"The said so-called debentures were not signed by the Reeve of the Municipality of Surrey, but by Mr. James Punch, after he had ceased to be Reeve of Surrey (Mr Henry T Thrift, or other person, being then Reeve of Surrey), and after the Council of the said Municipality had refused to authorize their issue.”

 
 

It did not help that matters that the Serpentine diking works were a colossal failure. It is difficult to find anyone to champion a bank that has made a poor investment, but those who favoured repaying the money regardless of the necessity for doing so, stood on grounds of principle in petitioning the Legislature to validate the Surrey Debentures and assist them in

"meeting their legitimate obligations and maintaining the credit and honour of the Municipality and the good faith and reputation of the inhabitants thereof."

 

It is suggested that James Punch had signed documents  in 1890, when he was still Reeve, which Thrift apparently saw fit to execute  in 1891, although the new Council stood opposed.

It was a delicate matter and HT Thrift, long serving Clerk of the Council, and  Reeve in 1891, gives his own interesting account in his Reminiscences.

The "Tinegate" scandal divided the citizenry and had lasting effects on the body politic of Surrey for some years, but James Punch was assessed no blame in this civic matter, for at the time the serious irregularities occurred,  he was not there.


Punch continued to serve as MPP for New Westminster District until the election of 1894. New Westminster District, which formerly held three seats, was broken up into smaller constituencies with Surrey being a part of the new riding of Delta. A Conservative, Punch was nominated as the government candidate in Delta and was opposed by labour candidate Thomas Forster.  Forster was a sitting MPP for Nanaimo, but resided at Clayton in Surrey and decided to run locally. In the election of 1894 Punch was unseated by Forster.

In the year following his defeat James Punch received a two  government appointments.  He served some months as Immigration Agent for the district, and also as Seed Inspector, in charge of distributing seed aid to farmers in the Fraser Valley who has been wiped out by flood waters.

Boundary move —  James Punch in Mining at Phoenix and Greenwood BC

Early in 1897 James Punch moved his family to the Boundary country to work in mine development, leaving the management of the Brownsville Hotel in the hands of his able bartender, old Cariboo hand Michael Robert Barry. Barry took over as Postmaster at Brownsville in 1898.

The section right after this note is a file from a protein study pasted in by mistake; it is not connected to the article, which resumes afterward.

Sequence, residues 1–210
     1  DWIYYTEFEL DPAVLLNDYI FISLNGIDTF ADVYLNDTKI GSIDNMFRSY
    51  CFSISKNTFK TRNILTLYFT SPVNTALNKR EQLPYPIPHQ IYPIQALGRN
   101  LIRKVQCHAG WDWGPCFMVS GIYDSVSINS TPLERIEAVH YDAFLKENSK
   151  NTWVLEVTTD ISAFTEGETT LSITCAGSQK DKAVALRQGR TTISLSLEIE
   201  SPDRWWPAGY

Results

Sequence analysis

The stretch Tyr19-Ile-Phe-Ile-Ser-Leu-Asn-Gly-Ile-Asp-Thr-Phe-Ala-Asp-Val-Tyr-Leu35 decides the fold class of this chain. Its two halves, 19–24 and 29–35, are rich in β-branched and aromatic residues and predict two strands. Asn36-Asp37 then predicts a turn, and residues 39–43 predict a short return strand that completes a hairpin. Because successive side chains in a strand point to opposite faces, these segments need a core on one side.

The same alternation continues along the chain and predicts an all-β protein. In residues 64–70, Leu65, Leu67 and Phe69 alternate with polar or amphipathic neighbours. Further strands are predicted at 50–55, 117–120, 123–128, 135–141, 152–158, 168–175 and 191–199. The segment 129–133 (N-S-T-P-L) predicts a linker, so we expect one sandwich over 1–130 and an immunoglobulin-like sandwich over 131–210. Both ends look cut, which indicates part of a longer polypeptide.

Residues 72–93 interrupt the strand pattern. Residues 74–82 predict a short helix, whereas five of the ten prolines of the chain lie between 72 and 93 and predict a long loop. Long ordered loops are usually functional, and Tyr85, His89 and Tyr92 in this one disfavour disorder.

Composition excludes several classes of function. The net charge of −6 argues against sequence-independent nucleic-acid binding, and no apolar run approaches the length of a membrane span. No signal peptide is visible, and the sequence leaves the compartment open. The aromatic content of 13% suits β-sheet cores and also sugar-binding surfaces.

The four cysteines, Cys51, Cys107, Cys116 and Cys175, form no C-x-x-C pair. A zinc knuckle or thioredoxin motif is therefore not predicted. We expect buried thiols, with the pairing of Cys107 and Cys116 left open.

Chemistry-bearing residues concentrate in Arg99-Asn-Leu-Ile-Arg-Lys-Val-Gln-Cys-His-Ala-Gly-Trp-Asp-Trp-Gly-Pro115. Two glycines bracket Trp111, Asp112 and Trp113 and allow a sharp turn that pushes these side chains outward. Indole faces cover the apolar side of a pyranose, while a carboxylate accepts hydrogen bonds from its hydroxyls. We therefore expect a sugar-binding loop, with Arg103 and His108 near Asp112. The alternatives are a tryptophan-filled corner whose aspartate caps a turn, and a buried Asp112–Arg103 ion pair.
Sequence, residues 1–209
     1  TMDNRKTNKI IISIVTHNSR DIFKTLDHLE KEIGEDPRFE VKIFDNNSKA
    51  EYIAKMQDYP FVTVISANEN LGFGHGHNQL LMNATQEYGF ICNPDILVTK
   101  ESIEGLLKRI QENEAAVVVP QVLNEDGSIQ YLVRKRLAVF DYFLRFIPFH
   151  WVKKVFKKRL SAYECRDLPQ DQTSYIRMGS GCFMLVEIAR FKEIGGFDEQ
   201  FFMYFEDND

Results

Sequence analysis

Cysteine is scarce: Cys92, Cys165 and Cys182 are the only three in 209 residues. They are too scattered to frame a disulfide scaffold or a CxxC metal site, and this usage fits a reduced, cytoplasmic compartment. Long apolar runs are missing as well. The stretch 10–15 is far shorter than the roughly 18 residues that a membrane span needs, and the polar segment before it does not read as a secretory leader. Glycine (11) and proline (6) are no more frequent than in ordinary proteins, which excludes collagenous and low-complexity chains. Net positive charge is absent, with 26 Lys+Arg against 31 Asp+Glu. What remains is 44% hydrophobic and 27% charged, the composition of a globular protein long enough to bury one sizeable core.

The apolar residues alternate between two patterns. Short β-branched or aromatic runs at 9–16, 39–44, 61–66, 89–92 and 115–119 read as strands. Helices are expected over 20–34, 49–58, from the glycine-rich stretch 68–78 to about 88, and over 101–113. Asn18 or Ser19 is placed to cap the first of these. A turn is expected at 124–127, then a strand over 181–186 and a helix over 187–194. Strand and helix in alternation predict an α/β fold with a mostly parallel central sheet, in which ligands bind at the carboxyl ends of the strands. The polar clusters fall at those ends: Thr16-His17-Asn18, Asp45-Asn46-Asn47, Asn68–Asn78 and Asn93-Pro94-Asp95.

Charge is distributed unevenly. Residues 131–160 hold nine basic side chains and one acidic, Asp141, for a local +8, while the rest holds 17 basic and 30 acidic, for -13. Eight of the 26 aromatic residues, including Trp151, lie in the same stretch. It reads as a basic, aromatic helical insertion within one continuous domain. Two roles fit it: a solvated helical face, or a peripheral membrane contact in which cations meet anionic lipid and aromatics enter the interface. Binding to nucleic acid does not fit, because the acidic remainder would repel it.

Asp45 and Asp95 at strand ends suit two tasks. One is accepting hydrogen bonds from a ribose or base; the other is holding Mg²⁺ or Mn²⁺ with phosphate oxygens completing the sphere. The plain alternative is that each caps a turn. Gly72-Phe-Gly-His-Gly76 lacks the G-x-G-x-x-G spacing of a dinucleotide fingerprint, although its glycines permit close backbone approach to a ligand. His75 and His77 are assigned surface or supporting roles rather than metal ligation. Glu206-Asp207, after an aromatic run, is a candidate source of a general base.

In 1899, James Punch’s daughter Catherine Helen [Lilian] Punch, who was on the first Honour Roll of Brownsville School, was married to Patrick James Dermody at Spokane WA. Pat Dermody was a foreman at the Old Ironsides mine at Phoenix BC.

In November of 1900 James Punch garnered the most votes in gaining a seat on the first city council of Phoenix, British Columbia. In 1901 he also received Provincial appointments as Police Commissioner and License Commissioner for Phoenix. Punch as served on the Hospital Board and the Board of Trade and was active in the Provincial Mining Association. He was the President of the Conservative Association.

After a lengthy illness, Mrs Jane Punch died October 7, 1902 and was buried in the cemetery at Greenwood. 

In January of 1904 James Punch’s daughter, Mary Christine Punch, who was born at Brownsville, BC in 1883, was married to Joseph John Strutzel, an American accountant resident in Phoenix BC.

The Henderson’s BC Directory for 1904 lists James Punch as "shift boss" and PJ Dermody "mine foreman,"  and JJ Strutzel "storekeeper,"  all at the Granby Consolidated Mining and Smelting Company.

Later in 1904 James Punch was working at the Providence Mine at Greenwood.

 

  Providence Mine - Greenwood BC 1908  
 

Providence Mine near Greenwood BC

 

James Punch Ranching at  Pemberton Meadows

In 1905 James Punch had moved on once again, taking up a new life as a rancher in the Lillooet country at Pemberton Meadows along with his son John Punch, who there met and was married to a Welsh girl, Maria Poole, in 1908.